"I’m not afraid to die, I’m afraid to retire."
The quote above was in a sign held by protestors marching halfway around the world, in Chile. A less morbid version of this statement could just as easily refer to prospects for investment returns in a world with already low but still declining rates, weak inflation, and sluggish growth. After a year where, despite the unpredictability of US President Donald Trump, markets have posted none too shabby returns (MSCI’s Asia-ex Japan index up 13% YTD), 2020 will require balancing risk aversion with risk taking.
Glass half empty…
President Trump’s tweets are unpredictable, both in timing and content, and cause much consternation and hand-wringing by financial market participants. With US elections due towards the end of 2020, more unpredictability is possible, and even likely. As former US Secretary of State Henry Kissinger astutely observed, “To be absolutely certain about something, one must know everything or nothing about it”. And it is impossible for us to know the US president’s thoughts.
Markets in general, notably developed markets, are increasingly dominated by ephemeral attention spans, investment silos, and the rise of passive funds. The proliferation of quant strategies, each deploying some variant of an "AI model" backed by "big data analytics" has impaired the information that can be gleaned from asset prices. And the willingly profligate provision of private capital to perennially loss-making businesses has distorted the perceived price of money and of value: WeWork is a prime example.
Saudi Aramco’s much touted IPO makes the oil price outlook topical. There is only view—the wrong view—as it is impossible to predict the price of oil, not least because of the geopolitical risk premium presented by a potential conflict in the Middle East. It is worth noting too that quietly but significantly, discussions of peak oil have shifted from focusing on the supply side of the equation to the demand side. Admittedly, shale oil in the US will run out at some point, but it is difficult to state with any degree of certainty whether that will happen next year or in five years. Because the largest economies in Asia are net importers of oil and gas, this affects not only their input costs, but also their capital account, and thereby their currency.
…or glass half full?
That said, prospects for emerging markets in general, and Asia ex-Japan markets in particular, are looking up. Abundant and cheap capital is a boon for the region. Further, the region’s two largest economies, China and India, have only recently embarked on the path of monetary easing even as most developed markets are much further ahead. Coupled with fiscal stimulus, notably in India and increasingly in China, economic growth will receive a fillip.
The other consequence of the lowering of the benchmark rate by the Federal Reserve, in light of the commentary on growth concerns there, points towards a weaker US dollar. Historically, this has been positive for risk markets such as Asia, and more broadly, global emerging markets. A weaker dollar has the added benefit of reducing the energy bill that most Asian economies have to foot since they are net importers.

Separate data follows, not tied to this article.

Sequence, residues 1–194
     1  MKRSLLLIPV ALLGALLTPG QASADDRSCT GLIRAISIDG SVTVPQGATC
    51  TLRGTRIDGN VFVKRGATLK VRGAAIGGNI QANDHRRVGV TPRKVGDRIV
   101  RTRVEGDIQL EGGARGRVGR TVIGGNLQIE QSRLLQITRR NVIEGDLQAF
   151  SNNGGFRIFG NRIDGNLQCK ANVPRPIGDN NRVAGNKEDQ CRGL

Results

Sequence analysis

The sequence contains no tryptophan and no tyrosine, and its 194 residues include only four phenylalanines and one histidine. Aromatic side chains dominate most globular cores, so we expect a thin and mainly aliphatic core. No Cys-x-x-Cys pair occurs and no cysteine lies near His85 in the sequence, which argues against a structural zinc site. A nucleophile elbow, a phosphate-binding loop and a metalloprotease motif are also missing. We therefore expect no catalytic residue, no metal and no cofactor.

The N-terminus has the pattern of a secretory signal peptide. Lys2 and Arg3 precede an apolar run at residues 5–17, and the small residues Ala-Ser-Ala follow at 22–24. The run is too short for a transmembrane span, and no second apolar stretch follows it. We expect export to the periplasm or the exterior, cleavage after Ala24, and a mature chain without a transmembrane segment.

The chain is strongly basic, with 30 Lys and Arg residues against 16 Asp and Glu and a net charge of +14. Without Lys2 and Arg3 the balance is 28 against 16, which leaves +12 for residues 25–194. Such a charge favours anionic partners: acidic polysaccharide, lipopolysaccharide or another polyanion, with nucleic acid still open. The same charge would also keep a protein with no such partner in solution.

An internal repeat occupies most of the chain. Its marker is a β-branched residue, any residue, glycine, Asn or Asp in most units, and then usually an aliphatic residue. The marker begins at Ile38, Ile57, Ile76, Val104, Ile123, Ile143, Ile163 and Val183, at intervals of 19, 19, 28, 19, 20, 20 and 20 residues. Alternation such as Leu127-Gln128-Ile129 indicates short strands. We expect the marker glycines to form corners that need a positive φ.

Unlike financial markets in New York or London, their Asian peers are yet to be plagued by passive money or quant-driven strategies, making them fertile hunting grounds for alpha generation.
At a more fundamental level, a number of countries have advanced the reform agenda in a bid to address long-standing structural issues; China, India and Indonesia have each tackled persistent bugbears. Together with a greater awareness of the importance of corporate governance, the multiple benefits to the economy in the longer term far outweigh the dilutive effect on growth in the near term, and has the added benefit of lowering the risk premium associated with these markets.
Navigating this lower growth world requires a disciplined approach, with a finger on the pulse of longer-term structural trends arising from the proliferation of technology driven/enabled change across industries. We remain focused on identifying sustainable franchises with multi-year growth prospects, offering attractive risk-reward trade-offs.
"Things do not change, we change" —Henry David Thoreau
The one unchanging aspect of China over the past three decades has, ironically, been change. Its emergence from a relatively small, closed economy that was one-sixteenth the size of US in 1990, to the world’s second largest economy that is now about two-thirds the size of the US economy, would not have been possible if the government had not embraced change in every sense—political, economic, and social. And yet again, it is changing in response to the ongoing spat with the US. After all, in Sun Tzu’s words, “There is no instance of a nation benefitting from prolonged warfare”.